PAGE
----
It is a further object of the present invention to provide a system for rapidly screening livestock, crates, or other containers to minimize storage and holding facilities and to avoid economic penalties for the supplier and the receiver from long delays.
It is still a further object of the present invention to enable individuals to screen goods for individual consumption to determine the fitness of same for human intake based on radiation level.
It is still a further object of the present invention to process the livestock, crates, or other containers in confined space and radiation-shielded chambers to prevent the exposure of the system operators.
It is still a further object of the present invention to provide a system for automatically handling livestock, crates, or other containers including automated data handling equipment for identifying individual ones of the livestock, crates, or other containers.
FIG. 1 is a schematic view of a livestock whole body radiation monitoring system;
FIG. 2 is a schematic view of the system shown in FIG. 1, together with a complete transfer system from a receiving area all the way through a shipping area to illustrate possible flow patterns;
FIG. 3 is a perspective view of an analyzer shield according to the present invention;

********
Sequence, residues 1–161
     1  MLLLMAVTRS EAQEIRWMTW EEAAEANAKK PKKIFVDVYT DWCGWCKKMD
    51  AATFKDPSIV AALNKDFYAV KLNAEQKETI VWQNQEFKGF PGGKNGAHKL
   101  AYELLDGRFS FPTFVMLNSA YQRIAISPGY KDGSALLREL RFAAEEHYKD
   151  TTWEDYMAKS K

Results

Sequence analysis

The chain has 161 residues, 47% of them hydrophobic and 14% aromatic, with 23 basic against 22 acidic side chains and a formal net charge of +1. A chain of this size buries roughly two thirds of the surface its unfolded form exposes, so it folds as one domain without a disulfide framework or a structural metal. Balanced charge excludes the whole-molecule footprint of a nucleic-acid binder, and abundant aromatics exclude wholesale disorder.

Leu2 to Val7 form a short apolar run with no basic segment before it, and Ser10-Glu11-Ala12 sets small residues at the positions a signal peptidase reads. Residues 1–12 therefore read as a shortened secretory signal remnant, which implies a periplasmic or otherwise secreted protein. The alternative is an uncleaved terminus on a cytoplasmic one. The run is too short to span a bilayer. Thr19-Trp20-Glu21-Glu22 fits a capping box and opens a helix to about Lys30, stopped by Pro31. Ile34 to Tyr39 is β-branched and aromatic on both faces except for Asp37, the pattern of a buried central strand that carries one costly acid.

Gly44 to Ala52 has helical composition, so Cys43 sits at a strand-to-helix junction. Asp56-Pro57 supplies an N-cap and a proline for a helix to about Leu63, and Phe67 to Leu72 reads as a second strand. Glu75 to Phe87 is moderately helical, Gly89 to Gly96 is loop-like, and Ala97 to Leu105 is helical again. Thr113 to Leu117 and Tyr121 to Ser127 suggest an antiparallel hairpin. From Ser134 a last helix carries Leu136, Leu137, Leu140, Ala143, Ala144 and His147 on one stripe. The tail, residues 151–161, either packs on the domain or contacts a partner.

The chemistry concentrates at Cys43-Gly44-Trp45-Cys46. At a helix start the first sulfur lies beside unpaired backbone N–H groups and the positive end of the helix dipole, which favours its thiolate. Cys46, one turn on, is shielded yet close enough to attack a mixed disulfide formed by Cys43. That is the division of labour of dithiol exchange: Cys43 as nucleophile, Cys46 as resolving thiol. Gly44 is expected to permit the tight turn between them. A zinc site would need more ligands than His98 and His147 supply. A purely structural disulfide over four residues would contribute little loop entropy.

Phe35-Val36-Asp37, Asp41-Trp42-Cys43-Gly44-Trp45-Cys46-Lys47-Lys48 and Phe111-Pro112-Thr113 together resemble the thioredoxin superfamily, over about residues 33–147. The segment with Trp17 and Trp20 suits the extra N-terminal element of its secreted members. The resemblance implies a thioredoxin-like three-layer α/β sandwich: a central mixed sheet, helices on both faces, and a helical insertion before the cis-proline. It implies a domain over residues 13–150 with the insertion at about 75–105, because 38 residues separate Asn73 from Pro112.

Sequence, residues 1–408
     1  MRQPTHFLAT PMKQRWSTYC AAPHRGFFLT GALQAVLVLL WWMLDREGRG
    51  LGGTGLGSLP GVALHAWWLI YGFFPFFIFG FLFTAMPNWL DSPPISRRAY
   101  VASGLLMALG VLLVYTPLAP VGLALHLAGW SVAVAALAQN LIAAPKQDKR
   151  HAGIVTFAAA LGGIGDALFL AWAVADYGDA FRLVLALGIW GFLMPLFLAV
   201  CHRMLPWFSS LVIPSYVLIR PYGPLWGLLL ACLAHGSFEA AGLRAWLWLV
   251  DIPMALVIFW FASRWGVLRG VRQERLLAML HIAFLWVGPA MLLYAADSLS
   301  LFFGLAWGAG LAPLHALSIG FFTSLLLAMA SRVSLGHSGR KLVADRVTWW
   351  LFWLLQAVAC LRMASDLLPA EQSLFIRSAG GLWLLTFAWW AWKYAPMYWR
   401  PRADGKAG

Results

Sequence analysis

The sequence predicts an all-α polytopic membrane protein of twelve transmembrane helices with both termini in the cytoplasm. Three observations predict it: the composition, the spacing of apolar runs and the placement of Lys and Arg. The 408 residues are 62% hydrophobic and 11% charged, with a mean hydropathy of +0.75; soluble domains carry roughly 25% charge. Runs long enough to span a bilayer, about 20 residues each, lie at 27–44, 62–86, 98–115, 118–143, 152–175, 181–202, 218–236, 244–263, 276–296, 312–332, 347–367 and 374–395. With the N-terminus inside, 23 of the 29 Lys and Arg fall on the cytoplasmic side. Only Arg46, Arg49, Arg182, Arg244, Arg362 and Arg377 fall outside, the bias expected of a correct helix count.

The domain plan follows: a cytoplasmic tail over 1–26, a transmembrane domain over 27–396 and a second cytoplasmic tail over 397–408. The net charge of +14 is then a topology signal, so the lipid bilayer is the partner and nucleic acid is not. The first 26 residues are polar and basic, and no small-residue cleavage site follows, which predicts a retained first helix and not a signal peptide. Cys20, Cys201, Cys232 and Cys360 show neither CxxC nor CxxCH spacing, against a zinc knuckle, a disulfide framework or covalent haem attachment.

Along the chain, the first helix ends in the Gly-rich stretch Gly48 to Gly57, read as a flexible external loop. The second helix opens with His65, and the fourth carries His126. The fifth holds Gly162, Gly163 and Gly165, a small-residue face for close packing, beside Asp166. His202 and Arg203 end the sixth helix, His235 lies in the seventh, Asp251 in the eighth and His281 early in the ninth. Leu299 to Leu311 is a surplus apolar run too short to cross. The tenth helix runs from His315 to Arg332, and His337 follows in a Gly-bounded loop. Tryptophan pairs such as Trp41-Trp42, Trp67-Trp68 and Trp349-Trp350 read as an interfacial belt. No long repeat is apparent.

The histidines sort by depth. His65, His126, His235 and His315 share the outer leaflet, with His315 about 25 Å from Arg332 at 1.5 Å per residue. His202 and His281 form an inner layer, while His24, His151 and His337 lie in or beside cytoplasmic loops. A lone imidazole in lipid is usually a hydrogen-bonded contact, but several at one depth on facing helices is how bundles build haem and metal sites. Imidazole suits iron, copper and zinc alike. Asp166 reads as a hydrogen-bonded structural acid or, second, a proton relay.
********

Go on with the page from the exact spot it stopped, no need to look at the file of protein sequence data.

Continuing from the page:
FIG. 4 is a top elevational view of a floor plan of the radiation monitoring system;
FIG. 5 is a side view of the radiation monitoring system;
FIG. 6 is an end elevational view of the analyzer shield of FIG. 3;
FIG. 7 is an analyzer configuration shown schematically;
FIG. 8 is a schematic illustration of a detector-computer configuration;
FIG. 9 illustrate input data highways;
FIG. 10 illustrates output data highways;
FIG. 11 illustrates schematically processing facilities for use with the present invention;
FIG. 12 is a flow chart for indicators;
FIG. 13 is a process flow chart;
FIG. 14 is an optical bar code scanner illustrated schematically, which is usable with the present invention;
FIG. 15 is a schematic diagram of the data processing logic usable with the present invention;
FIG. 16 schematically illustrates energy calibration of detectors;
FIG. 17 illustrates frequency calibration of detectors;
FIG. 18 illustrates schematically a tagging system and bar code use;
FIG. 19 illustrates an alternative tagging system and bar code use;
FIG. 20 is a schematic diagram of animal flow;
FIG. 21 is a radiation surveillance flow chart for livestock;
FIG. 22 schematically shows a container radiation monitoring system according to the invention;
FIG. 23 is a schematic view including the entire flow path from a receiving area to an output shipping area;